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[The Rebellion]
Events that occur from 2 years before to 5 years after the Battle of Yavin.

[ Princess Leia And The Royal Ransom ]

Graphic Novella
Check availability & pricing at:



[Forbidden Planet Intenational]

e-Comic Book
Published 2012 by Dark Horse Digital.

Princess Leia And The Royal Ransom
Jeremy Barlow, Carlo Soriano, Michael Atiyeh, Michael Heisler, Sean McNally
Dark Horse Comics [US]; Titan Books [UK]
Story published as:
Graphic Novella (2009)
e-Comic Book (2012)

If you have read this story, please rate it:
1 review [Average review score: 4 / 5]

In possession of information vital to the Rebel Alliance, Princess Leai, Han Solo and Chewbacca are racing to the rendezvous point, barely staying one step ahead of the pursuing Imperials. But that doesn't prevent Han from making an unscheduled stop at a hot smuggling hub, much to Leia's dismay, and soon their mission is entangled with the kidnapping and ransom of the beautiful Princess Mi. Now the Millennium Falcon is pursued by more than just the Empire as gangsters, bounty hunters and the kidnappers join the chase.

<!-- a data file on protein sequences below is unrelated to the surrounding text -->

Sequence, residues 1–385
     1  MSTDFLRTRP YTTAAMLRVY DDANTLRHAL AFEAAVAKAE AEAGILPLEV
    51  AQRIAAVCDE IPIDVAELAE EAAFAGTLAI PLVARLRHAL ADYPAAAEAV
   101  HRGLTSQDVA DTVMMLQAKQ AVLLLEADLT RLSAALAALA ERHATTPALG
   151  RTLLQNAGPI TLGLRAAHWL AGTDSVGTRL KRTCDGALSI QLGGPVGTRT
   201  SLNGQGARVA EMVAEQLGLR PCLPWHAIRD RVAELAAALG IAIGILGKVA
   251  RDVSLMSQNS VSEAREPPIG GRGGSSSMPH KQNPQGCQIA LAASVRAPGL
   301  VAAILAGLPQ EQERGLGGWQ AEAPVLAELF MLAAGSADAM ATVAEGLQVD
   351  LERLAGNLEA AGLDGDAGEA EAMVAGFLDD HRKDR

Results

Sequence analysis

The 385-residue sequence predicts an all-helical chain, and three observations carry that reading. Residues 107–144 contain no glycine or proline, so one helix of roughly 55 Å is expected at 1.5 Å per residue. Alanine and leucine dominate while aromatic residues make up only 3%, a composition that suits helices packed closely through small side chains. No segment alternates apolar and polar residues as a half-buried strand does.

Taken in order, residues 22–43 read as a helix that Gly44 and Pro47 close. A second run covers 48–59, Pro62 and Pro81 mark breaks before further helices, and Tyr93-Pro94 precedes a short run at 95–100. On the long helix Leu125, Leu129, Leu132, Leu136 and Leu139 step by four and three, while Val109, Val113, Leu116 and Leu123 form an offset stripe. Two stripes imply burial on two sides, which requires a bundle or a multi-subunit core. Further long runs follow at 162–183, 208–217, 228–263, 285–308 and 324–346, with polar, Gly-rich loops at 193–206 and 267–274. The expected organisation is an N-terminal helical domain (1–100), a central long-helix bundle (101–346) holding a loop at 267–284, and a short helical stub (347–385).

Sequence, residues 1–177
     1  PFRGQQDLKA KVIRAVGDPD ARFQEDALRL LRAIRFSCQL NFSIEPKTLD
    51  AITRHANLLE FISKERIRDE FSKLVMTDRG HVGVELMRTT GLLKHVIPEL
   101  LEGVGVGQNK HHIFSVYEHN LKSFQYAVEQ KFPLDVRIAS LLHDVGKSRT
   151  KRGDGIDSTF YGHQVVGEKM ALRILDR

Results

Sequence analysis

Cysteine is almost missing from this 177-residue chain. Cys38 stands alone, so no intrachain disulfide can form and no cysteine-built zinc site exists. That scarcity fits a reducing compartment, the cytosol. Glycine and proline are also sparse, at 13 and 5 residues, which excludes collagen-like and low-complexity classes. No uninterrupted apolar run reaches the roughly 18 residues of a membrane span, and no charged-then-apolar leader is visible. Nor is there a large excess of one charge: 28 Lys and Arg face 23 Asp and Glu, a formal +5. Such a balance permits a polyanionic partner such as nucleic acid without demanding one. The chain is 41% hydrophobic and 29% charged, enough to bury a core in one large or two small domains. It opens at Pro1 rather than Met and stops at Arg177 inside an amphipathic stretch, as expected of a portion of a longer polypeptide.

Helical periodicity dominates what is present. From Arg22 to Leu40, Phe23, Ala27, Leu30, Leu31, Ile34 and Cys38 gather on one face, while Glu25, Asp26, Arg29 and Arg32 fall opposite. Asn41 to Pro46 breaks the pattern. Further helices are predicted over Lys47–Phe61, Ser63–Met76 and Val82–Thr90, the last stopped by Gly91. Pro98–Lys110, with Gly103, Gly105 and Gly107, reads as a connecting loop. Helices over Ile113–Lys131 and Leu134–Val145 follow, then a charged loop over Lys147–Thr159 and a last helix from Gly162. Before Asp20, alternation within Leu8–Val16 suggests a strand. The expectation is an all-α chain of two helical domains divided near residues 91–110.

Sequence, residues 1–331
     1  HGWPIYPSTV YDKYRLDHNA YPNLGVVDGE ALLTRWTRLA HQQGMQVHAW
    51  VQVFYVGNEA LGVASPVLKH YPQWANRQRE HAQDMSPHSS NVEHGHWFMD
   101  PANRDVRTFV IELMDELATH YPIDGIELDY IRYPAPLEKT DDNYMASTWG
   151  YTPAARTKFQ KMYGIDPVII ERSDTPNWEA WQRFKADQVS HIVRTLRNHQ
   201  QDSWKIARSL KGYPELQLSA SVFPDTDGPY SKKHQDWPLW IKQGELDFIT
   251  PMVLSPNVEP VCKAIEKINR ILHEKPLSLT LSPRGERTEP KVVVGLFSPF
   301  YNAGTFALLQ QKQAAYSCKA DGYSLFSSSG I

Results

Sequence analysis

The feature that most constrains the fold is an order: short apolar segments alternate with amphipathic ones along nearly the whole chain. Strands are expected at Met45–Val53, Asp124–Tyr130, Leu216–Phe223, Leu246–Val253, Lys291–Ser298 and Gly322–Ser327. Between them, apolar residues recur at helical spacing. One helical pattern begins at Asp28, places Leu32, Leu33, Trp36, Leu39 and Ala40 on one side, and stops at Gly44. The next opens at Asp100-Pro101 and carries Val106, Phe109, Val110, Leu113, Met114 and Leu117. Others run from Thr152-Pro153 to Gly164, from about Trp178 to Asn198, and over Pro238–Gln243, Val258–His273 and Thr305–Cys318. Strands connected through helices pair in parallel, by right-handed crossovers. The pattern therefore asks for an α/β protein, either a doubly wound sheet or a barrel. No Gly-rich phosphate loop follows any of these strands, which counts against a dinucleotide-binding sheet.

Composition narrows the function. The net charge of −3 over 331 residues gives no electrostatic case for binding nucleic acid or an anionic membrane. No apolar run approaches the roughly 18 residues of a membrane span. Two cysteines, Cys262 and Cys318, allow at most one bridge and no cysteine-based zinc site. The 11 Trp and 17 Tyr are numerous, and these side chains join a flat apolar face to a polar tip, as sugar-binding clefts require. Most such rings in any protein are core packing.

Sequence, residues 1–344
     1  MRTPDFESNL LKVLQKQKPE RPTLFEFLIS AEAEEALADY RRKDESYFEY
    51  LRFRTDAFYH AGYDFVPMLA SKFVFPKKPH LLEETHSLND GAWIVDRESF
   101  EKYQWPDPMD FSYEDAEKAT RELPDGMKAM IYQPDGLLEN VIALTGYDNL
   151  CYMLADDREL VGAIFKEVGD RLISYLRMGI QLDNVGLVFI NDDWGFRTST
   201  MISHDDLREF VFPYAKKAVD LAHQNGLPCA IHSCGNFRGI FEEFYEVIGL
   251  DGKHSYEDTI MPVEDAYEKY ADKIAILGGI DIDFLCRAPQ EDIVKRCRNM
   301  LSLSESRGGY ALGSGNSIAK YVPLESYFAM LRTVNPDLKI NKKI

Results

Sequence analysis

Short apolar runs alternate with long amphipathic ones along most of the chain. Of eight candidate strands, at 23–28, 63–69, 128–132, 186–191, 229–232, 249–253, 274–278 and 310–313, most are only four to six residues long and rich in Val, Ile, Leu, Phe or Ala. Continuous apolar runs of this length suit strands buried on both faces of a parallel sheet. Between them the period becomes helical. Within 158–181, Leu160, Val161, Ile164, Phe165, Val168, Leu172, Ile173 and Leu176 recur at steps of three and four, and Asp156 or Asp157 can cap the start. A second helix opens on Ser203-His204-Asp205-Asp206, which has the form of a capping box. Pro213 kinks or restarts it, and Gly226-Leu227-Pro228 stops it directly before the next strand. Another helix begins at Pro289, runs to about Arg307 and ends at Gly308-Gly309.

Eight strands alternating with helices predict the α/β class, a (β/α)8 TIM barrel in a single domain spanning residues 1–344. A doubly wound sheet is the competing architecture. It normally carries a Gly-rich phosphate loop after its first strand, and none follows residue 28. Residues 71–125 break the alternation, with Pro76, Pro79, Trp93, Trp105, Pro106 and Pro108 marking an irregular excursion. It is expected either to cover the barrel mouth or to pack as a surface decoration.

Though Princess Mi's beauty might be enough to turn any man's head, before this adventure is over, Han Solo is going to realise just how lucky he is to have a princess like Leia on his side.

This story occurs approximately 2 years after the Battle of Yavin.

Related Stories (in chronological order):

  • A New Hope
  • Princess Leia And The Royal Ransom


Review by Ewan, Star Wars Books, 2009:
"As the second title in Dark Horse Comic's new 'parent-friendly' series, Princess Leia and the Royal Ransom is a good light-hearted story. Barlow's script captures beautifully the pre-Empire relationship between Han and Leia. The love-hate nuances of their relationship  is represented throughout the story in their dialogue at a time when Han is unsure of the direction his life is going to take because of his attachment to both the Rebellion and Leia.
"While Barlow's script is excellent, Soriano's artwork is certainly unusual for Star Wars comics. It takes a while to get used to the style and unfortunately fails to capture some facial expressions dictated by Barlow's script. But more than that, the art characterisations of Han, Leia and even Chewie are not instantly recognisable. From the book's cover by McNally to Soriano's own art, it is hard to distinguish features that are Han or Leia. For a story designed to appeal to a newer and younger Star Wars audience, an audience more aware of Star Wars characters in the Prequel Trilogy and The Clone Wars animated TV series than the Original Trilogy, one has to question the reason for such unrecognisable characterisations in the artwork."
4 / 5

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